Its implications at a productive level are far-reaching. If a highly pathogenic virus, characterized by its rapid spread and high mortality, is detected as the cause of an outbreak, commercial restrictions, massive slaughter of the birds involved and quarantine of the surrounding areas will take place. An example of this was a 2015 outbreak in the United States, listed as the most devastating infectious animal outbreak in the history of that country due to the death of 48 million production birds.
How is the disease diagnosed the avian influenza?
In addition to the clinical signs observed in birds, the corresponding entities in each country can take samples of the birds for diagnostic tests. These tests can range from the identification of the viral agent thanks to viral isolation or the RT-PCR test (Polymerase Chain Reaction with Reverse Transcription), to serological tests such as Hemagglutination Inhibition (HI) or ELISA. Each country follows the guidelines of the OIE Manual of Diagnostic Tests and Vaccines for Terrestrial Animals.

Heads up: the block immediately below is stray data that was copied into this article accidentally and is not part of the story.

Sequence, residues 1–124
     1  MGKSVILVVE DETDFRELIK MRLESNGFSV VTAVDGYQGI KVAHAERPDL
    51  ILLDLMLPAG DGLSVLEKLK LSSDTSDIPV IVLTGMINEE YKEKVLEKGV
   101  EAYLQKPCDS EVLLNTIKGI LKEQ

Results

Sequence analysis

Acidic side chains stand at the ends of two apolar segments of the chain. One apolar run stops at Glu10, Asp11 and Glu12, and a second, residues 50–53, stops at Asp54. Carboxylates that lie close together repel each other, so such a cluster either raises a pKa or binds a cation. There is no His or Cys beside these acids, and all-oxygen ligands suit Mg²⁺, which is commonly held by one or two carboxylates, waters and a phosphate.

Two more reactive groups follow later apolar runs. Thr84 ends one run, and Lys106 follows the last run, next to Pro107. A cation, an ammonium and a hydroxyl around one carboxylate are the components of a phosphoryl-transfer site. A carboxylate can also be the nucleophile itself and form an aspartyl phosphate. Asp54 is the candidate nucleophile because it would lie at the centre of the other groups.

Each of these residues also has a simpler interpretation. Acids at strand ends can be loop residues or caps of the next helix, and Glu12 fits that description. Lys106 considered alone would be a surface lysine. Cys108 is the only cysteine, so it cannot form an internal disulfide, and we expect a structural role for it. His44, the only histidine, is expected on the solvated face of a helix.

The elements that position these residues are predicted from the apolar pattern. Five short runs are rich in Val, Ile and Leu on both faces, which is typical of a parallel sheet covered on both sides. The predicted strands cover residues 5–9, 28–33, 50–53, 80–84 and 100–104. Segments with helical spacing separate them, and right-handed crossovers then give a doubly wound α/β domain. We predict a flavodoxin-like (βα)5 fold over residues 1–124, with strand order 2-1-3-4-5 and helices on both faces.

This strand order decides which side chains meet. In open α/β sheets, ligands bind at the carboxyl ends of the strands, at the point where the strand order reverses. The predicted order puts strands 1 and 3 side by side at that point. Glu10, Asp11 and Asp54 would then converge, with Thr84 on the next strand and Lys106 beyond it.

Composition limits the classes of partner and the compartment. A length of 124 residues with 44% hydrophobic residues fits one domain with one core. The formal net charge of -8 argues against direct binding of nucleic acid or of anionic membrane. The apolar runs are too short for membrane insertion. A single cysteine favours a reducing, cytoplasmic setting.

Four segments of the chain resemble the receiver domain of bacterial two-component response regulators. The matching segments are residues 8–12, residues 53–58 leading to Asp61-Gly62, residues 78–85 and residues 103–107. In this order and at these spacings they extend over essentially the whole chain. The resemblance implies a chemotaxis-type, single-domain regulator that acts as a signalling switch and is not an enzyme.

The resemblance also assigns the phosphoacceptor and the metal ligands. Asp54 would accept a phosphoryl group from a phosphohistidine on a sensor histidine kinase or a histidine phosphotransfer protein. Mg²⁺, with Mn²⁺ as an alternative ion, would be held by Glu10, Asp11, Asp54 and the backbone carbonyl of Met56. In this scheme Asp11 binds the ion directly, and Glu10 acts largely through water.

Its differential diagnoses are acute avian cholera, pathogenic Newcastle Disease and Acute Infectious Laryngo-tracheitis.
What are the control measures for this disease?
Avian influenza has no treatment. Regarding vaccination as a prevention method, each country must take into account the behavior of the disease in its region to decide whether to apply it or not. Therefore, control measures are also based on prevention. Some of those measures related to the productive farm are:
- Farm infrastructure equipped with small hole meshes to prevent wild birds from approaching and entering the production
- Correct disinfection of equipment, vehicles and utensils that enter the farm: iodine compounds, formalin and lipid solvents are useful
- Restricted access to external people
- Prevent the entry of birds whose sanitary status is unknown
- Hygienic handling of food and proper disposal of fecal matter, carcasses and other animal products